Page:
PRICHARD, Ala. (WALA) - FOX10 News continues to take a closer look at the foul chemical odor in the Eight Mile and Prichard area. Prichard Mayor Troy Ephriam and the Director of Fair Housing said concerns about mercaptan exposure should be taken seriously.
"Their concerns are warranted. And you have to feel for them because a year later the smell is still there. In spite of the efforts of Mobile Gas, in spite of the some of the mandates that have been passed down from ADEM and EPA, the smell is still there. And as long as the smell is there, people's concerns will be warranted," Ephriam said.
For years, residents in the Eight Mile area have complained about a pungent smell in their community. The Alabama Department of Environmental Management has identified the odor as tert-butyl mercaptan - a chemical with a strong odor added to natural gas lines to help you detect a leak.
ADEM has linked the chemical in the groundwater and in the air to Mobile Gas and ordered them to get rid of the smell. The gas company has an abatement system set-up, but residents said it is not doing enough.
Mobile Gas is not issuing a comment on the issue because of a pending lawsuit.
Ephriam said his office is coordinating schedules with both national and state agencies. And a community meeting with them will be held soon.
"What we've basically been doing behind the scenes is making sure we stay in close direct contact with all the regulatory agencies: ADEM, EPA, CDC, state health department to make sure that we are still kept informed as to where things are on a status level," Ephriam said.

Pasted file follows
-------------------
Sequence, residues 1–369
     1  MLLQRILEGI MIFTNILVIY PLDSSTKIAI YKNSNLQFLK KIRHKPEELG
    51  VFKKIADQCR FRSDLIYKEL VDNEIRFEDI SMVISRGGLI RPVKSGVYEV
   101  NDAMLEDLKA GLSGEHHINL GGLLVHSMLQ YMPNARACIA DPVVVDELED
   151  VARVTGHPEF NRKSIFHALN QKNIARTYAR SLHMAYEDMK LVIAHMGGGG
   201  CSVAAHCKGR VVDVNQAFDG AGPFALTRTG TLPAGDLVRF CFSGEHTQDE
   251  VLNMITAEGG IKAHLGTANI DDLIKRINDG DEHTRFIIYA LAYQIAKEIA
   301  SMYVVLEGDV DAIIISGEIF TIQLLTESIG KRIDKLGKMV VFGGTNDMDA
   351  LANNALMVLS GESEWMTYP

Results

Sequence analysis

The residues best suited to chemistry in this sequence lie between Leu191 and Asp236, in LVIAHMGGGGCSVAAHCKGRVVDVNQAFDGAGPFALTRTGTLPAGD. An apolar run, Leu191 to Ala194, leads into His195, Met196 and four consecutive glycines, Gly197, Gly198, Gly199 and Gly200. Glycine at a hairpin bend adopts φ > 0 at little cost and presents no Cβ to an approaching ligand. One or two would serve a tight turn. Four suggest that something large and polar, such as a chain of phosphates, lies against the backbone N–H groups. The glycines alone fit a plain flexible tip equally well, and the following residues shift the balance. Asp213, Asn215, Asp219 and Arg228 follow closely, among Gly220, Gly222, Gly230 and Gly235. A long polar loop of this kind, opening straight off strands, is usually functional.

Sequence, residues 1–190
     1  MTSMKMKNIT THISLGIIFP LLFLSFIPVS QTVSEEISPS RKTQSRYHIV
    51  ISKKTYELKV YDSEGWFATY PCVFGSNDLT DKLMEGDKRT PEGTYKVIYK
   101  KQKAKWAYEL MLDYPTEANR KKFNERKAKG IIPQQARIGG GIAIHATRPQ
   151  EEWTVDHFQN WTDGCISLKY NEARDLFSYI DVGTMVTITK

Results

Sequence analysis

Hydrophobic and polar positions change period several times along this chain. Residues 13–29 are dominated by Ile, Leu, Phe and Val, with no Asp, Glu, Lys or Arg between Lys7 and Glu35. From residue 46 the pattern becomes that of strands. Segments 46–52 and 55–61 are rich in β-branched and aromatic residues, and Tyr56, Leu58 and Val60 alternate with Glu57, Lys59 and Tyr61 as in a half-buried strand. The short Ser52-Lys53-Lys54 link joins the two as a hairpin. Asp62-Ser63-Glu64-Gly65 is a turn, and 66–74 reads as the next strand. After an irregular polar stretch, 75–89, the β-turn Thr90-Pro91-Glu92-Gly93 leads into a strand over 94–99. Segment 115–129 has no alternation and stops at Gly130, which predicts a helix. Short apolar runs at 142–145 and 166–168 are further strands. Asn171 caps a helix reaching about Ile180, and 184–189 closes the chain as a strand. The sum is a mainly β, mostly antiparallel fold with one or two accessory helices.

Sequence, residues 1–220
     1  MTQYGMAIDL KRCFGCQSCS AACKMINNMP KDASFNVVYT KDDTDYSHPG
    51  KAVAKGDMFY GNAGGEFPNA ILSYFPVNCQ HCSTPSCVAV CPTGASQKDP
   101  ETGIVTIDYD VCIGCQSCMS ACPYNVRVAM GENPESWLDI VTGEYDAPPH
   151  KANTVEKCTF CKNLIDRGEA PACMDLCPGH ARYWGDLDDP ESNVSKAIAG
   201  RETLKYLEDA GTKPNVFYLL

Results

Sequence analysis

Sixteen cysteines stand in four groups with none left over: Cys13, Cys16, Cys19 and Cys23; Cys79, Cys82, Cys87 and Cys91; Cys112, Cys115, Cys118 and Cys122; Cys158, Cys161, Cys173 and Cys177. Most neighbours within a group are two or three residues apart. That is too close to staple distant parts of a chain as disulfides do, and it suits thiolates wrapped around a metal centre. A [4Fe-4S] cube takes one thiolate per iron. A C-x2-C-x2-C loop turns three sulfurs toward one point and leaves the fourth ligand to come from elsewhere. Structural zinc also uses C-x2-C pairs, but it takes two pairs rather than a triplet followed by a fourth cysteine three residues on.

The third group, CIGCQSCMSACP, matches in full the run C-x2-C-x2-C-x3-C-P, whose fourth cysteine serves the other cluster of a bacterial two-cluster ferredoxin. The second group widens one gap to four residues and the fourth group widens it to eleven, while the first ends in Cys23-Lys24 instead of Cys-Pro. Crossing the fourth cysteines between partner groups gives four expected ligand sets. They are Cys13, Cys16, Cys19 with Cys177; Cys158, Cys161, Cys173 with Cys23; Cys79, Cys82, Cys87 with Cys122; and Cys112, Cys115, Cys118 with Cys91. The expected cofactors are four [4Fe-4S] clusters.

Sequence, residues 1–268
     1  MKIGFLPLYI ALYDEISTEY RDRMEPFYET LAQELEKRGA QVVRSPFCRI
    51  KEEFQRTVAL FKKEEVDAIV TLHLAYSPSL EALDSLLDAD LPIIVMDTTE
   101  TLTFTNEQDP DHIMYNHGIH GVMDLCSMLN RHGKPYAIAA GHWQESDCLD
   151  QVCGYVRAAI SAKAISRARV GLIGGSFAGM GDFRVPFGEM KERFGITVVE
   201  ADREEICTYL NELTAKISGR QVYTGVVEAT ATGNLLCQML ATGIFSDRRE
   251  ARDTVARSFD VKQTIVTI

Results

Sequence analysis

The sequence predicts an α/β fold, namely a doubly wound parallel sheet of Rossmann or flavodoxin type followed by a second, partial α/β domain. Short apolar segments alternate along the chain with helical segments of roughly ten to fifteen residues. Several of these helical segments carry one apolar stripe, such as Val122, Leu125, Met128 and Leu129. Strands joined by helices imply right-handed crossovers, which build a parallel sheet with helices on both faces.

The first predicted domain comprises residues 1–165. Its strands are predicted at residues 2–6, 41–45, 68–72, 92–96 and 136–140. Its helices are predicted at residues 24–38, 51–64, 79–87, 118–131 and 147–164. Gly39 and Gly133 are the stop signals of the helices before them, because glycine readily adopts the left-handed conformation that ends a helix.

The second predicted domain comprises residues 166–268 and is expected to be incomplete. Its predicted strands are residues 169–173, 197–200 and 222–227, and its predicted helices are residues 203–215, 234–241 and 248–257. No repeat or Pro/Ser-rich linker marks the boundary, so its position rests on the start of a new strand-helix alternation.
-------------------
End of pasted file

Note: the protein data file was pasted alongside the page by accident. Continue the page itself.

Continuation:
Ephriam said there are some questions that still need answers.
"What further needs to be done? I think that is the key question. What more? How much more? How soon? And necessary steps need to be done in terms of remediation. Whether it be groundwater or if continued air quality control needs to be resolved. That's our concern right now for the citizens," Ephriam said.
Executive Director of Fair Housing Teresa Bettis said the mercaptan exposure is also a housing issue. She remembers the day she knew she had to get involved.
"When I went to the meeting at High Point and I heard one of the participants say, ‘I had to move because every morning I was getting up and going to work at five o'clock every morning having to pull over on the side of the road and vomit. And I couldn't continue to live that way,'" she said.
Bettis said she is working with a Louisiana scientist to help determine the scope of the problem and offer some solutions. She is asking the community to complete this survey and send it to the center for fair housing office in Mobile. She said it will be used for research purposes.
Eight Mile Mercaptan Odor Survey:
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